It’s strange to think that, till now, as big a high-end audio player as Shure has had no answer to the extravagant, big-gun, flagship in-ear monitor models of its rivals — models like the Ultimate Ears 18 Pro Custom, or the JH Audio JH16 Pro.
But now they do — big time. The new SE846 extends Shure’s highly regarded SE line well beyond the SE535, previously their top, most expensive IEM.
Are they for UFC fighters who want to listen to music while they’re actually throwing punches in the ring? For talk-radio listeners who get violent when they hear opinions they don’t agree with? Or just for clumsy goofs who’re always destroying their headphones (you know who you are). Whatever the reason for the over-engineered Jabra Revos existence, the headphones ship today.
The new Audiofly AF160. Somebody spent a looooong time setting this photo up.
Australian earphone-maker Audiofly was just a fledgling outfit with scarcely a handful of models and a shaky toehold in the earphone market when I first encountered a year ago at the 2012 Consumer Electronics Show. After I had a chance to spend some quality time with what was then the company’s flagship set, the fantastic AF78s, I was pretty certain that, if the company did eventually fail, it would be in spite of the brand’s quality — not because of it.
But they didn’t fail. Now here they are, a year after debuting at CES, with a trio of new, more expensive additions — all decadently equipped with multiple drivers and balanced armatures — that shove the AF78 into the middle of their lineup.
These Scosche Realm RH656 ($130) headphones compete in the same league as with headphones like the Beats (formerly Monster) Solo HD, the Incase Reflex and the Fanny Wang 1000 Series. These ‘phones have a lot in common: they have smallish earcups that sit on the ear, instead of over; they all have track and volume controls (remember though that the volume control won’t work on Android devices); and they’ve all had a dash of fashion added.
But there are some key differences too. And as you’re about to find out, the RH656 does pretty well against its competition.
There’s just something about the natural beauty of wood that seems to mystify man. You’d be hard-pressed to go your entire day without encountering something that’s been made using this porous material. One area wood has always played an important role in is music. For thousands of years, wood has been used in musical instruments, not only because of its availability, but also because of its beauty and unique sound qualities. When you think about the history between wood and music, it’s no wonder we also see it used in speaker enclosures, headphones, and earbuds.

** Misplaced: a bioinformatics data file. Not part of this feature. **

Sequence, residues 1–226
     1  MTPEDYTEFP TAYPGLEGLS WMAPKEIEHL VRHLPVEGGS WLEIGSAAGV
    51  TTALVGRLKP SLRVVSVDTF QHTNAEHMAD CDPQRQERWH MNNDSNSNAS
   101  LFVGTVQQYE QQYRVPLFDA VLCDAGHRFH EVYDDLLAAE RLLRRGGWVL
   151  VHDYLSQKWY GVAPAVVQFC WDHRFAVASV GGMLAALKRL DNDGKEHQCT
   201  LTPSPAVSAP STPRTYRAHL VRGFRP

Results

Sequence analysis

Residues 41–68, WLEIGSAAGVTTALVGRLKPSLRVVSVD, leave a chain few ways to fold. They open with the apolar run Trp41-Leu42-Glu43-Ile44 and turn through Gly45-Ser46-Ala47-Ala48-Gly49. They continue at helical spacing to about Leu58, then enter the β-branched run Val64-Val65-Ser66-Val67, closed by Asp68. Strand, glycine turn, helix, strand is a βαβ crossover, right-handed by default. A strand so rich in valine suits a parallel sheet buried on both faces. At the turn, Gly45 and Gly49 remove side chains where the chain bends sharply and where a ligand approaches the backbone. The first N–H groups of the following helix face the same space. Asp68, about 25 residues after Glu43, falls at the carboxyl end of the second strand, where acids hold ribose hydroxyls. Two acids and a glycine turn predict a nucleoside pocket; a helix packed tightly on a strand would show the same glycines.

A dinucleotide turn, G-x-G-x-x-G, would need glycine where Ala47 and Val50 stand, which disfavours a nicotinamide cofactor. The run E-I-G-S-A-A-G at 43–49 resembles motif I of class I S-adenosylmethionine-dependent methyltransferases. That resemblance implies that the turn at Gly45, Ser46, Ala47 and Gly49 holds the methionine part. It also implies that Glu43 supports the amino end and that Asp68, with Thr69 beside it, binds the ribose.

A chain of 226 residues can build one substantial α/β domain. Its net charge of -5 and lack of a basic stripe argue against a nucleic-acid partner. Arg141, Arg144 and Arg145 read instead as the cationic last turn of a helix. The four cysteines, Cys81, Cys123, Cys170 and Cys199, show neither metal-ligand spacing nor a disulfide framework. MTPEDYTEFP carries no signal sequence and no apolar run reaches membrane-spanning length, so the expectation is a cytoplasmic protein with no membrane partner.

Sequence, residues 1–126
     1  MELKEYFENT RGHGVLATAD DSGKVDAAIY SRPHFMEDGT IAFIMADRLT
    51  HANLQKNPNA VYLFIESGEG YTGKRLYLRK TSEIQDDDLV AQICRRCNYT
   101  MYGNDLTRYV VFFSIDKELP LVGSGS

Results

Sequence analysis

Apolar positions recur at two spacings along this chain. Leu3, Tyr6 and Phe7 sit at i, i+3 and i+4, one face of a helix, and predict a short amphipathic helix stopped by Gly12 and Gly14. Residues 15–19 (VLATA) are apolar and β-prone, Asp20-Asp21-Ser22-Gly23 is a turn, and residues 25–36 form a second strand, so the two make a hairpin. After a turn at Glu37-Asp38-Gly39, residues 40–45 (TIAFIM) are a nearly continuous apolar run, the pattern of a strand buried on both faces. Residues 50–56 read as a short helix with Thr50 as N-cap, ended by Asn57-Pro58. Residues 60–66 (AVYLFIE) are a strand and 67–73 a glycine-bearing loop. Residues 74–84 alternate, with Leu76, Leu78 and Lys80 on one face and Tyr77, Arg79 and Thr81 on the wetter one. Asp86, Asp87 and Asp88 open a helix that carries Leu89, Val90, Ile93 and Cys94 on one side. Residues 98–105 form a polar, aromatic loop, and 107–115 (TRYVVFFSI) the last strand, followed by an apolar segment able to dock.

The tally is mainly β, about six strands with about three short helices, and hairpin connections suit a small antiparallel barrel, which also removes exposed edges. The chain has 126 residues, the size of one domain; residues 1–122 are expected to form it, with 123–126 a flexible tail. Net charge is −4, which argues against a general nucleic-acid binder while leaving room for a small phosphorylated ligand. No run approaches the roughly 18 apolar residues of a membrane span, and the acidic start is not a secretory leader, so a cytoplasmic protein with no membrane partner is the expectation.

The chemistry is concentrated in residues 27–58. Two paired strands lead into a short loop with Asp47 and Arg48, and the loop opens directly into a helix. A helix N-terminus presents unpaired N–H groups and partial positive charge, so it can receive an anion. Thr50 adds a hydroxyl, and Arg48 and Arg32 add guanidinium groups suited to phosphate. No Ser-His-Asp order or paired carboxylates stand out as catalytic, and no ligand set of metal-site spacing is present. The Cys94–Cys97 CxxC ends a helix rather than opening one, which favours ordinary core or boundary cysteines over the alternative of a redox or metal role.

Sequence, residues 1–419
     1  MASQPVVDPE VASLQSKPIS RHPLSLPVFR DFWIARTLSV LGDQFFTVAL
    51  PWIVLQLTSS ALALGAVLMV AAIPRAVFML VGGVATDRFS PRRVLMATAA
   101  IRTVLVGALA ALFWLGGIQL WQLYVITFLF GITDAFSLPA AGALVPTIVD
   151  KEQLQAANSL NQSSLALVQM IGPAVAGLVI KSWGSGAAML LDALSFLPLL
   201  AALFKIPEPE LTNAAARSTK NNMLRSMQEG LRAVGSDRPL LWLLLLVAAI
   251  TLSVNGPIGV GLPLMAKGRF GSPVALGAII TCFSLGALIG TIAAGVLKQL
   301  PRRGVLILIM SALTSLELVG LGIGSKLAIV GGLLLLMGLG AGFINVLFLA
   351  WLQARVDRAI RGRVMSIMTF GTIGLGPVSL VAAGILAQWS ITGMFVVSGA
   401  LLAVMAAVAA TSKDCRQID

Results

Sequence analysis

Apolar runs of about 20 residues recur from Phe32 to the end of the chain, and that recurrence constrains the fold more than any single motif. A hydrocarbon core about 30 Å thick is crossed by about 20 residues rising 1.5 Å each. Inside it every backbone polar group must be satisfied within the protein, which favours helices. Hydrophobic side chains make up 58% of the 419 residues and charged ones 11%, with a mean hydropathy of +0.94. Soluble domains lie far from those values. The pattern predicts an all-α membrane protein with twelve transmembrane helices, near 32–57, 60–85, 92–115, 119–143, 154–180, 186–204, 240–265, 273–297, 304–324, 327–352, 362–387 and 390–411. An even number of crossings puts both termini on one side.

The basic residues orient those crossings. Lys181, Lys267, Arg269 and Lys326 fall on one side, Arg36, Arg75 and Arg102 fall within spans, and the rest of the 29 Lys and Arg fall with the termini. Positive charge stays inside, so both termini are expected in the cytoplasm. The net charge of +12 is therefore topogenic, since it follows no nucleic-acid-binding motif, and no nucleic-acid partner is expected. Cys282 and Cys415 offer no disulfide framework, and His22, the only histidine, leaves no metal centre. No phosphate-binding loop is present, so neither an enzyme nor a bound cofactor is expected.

When one company swallows another, it’s common for a slow shift in rebranding and design to occur as the two entities thrash out their roles and relationship. The latest shift in the Logitech-Ultimate Ears story — Logitech purchased UE in 2008 — occured a month or so ago, when Ultimate Ears was rebranded as Logitech UE and launched a suite of high-end, blue-tinged soundware, with a product selection that reached far beyond the in-ear monitors the company has thus far been known for. In fact, out of seven new gadgets, just one new IEM was introduced: the Logitech UE 900 ($400), a quad-armature earphone that now sits at the pinnacle of UE’s non-custom earphone line.
The UE 900 has lineage, of course; we loved the snug fit, solid build and amazing sound of its antecedent, the TripleFi 10. But the TripleFi 10 is gone, and the UE 900 has stepped into its place with new ergonomics, a new sound — and a lot of blue.
If you live an active lifestyle and have trouble finding a pair of earbuds to stay put while you’re working up a sweat, then you might want to check out our next deal. For a limited time, you can pick up a MEElectronics Sport-Fi S6 earphone workout package for only $32. That’s a great price for a package that includes:
You’re an American, and you’ve just watched your athletes come away with a barrel full of gold medals in London. Maybe you’re feeling a little patriotic; maybe a little like you want to go out and train for Rio de Janiero. If so, then Monster has created the perfect earphones for you: A special edition “USA” version of their impressive, washable, iSport IEMs.
We bumped into neophyte Australian headphones-maker Audiofly in January, during a press-only event at this year’s Consumer Electronics Show, and gave two models in the four-model lineup a whirl. Their mid-level AF45 set sounded great for $50; but the next one I tried — the top-of-the-line AF78 ($200) — left me slack-jawed with disbelief; its sound knocked my socks off, even amid the cacophony of noisy journalists.
What makes the AF78 unusual is its speaker arrangement.
Many mid-to-high-end canalphones are powered by tiny armature speakers, while moving coil drivers are found pretty much everywhere except the very high end. Armatures are generally better at producing clean highs and mids, but can lack deep bass; moving coils, on the other hand, are generally not as good at reproducing the clarity of an armature. But the AF78 is part of an elite group of models — like the Scosche IEM856m I reviewed last year — that employ both a moving coil speaker and a balanced armature in each ear, in an attempt to give the listener the best of both worlds. And it works spectacularly.